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Health behaviors among people with epilepsy—Results from the 2010 National Health Interview Survey☆
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  • Alternative Title:
    Epilepsy Behav
  • Description:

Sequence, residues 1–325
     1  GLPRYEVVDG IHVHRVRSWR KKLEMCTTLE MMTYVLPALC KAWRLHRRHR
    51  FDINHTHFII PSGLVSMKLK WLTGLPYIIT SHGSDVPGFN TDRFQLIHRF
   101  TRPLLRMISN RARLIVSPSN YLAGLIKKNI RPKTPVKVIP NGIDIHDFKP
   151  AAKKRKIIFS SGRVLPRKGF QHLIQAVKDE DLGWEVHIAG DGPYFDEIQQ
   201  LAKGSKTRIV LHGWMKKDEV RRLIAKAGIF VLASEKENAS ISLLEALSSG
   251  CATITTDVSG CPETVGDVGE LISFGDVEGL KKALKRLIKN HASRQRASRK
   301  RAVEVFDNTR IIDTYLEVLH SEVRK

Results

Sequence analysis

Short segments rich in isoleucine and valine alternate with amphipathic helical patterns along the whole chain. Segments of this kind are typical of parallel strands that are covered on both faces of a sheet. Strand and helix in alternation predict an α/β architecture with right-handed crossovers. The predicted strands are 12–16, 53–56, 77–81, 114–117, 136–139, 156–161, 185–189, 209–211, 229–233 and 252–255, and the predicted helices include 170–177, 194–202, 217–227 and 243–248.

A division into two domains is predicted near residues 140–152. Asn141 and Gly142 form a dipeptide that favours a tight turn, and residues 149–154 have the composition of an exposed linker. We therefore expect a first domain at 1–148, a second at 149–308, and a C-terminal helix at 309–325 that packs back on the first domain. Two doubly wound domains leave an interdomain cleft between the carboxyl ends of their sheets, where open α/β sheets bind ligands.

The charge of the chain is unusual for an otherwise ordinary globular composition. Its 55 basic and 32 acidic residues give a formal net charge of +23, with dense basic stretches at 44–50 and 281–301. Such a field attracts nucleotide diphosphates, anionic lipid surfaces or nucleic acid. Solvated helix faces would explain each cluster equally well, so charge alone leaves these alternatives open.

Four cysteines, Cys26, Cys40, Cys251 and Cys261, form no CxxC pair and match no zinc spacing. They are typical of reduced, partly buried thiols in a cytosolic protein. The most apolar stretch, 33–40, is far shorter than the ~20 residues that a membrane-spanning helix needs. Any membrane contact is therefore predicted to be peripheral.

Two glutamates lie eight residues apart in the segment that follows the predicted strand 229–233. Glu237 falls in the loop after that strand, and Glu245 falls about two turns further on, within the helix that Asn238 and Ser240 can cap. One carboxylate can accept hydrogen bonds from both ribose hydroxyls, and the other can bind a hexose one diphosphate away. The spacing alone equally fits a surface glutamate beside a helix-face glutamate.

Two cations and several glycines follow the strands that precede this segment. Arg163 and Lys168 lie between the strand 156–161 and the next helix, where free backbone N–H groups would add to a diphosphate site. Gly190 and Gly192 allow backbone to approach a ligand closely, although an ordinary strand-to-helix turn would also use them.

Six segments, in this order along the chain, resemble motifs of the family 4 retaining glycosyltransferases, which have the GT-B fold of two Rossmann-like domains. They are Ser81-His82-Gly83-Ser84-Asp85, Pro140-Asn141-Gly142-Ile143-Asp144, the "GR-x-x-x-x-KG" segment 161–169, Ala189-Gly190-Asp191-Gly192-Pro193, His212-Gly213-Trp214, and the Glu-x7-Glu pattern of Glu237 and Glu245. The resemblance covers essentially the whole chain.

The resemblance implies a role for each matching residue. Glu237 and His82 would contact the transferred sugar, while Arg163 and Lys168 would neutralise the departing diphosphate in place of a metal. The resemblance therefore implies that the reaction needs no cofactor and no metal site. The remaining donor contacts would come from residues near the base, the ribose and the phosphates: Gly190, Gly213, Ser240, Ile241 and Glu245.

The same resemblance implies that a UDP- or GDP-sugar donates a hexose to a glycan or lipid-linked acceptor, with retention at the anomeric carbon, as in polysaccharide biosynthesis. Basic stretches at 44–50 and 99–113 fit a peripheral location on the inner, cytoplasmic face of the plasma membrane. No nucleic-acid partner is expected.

Objectives This study aimed to estimate and compare the prevalence of selected health behavior—alcohol use, cigarette smoking, physical activity, and sufficient sleep—between people with and without a history of epilepsy in a large, nationally representative sample in the United States. Methods We used data from the 2010 cross-sectional National Health Interview Survey (NHIS) to compare the prevalence of each health behavior for people with and without epilepsy while adjusting for sex, age, race/ethnicity, and family income. We also further categorized those with epilepsy into active epilepsy and inactive epilepsy and calculated their corresponding prevalences. Results The percentages of adults with a history of epilepsy (50.1%, 95% CI = 45.1%–55.2%) and with active epilepsy (44.4%, 95% CI = 37.6%–51.5%) who were current alcohol drinkers were significantly lower than that of those without epilepsy (65.1%, 95% CI = 64.2%–66.0%). About 21.8% (95% CI = 18.1%–25.9%) of adults with epilepsy and 19.3% (95% CI = 18.7%–19.9%) of adults without epilepsy were current smokers. Adults with active epilepsy were significantly less likely than adults without epilepsy to report following recommended physical activity guidelines for Americans (35.2%, 95% CI = 28.8%–42.1% vs. 46.3%, 95% CI = 45.4%–47.2%) and to report walking for at least ten minutes during the seven days prior to being surveyed (39.6%, 95% CI = 32.3%–47.4% vs. 50.8%, 95% CI = 49.9%–51.7%). The percentage of individuals with active epilepsy (49.8%, 95% CI = 42.0%–57.7%) who reported sleeping an average of 7 or 8 h a day was significantly lower than that of those without epilepsy (61.9%, 95% CI = 61.2%–62.7%). Conclusions Because adults with epilepsy are significantly less likely than adults without epilepsy to engage in recommended levels of physical activity and to get the encouraged amount of sleep for optimal health and well-being, promoting more safe physical activity and improved sleep quality is necessary among adults with epilepsy. Ending tobacco use and maintaining low levels of alcohol consumption would also better the health of adults with epilepsy.
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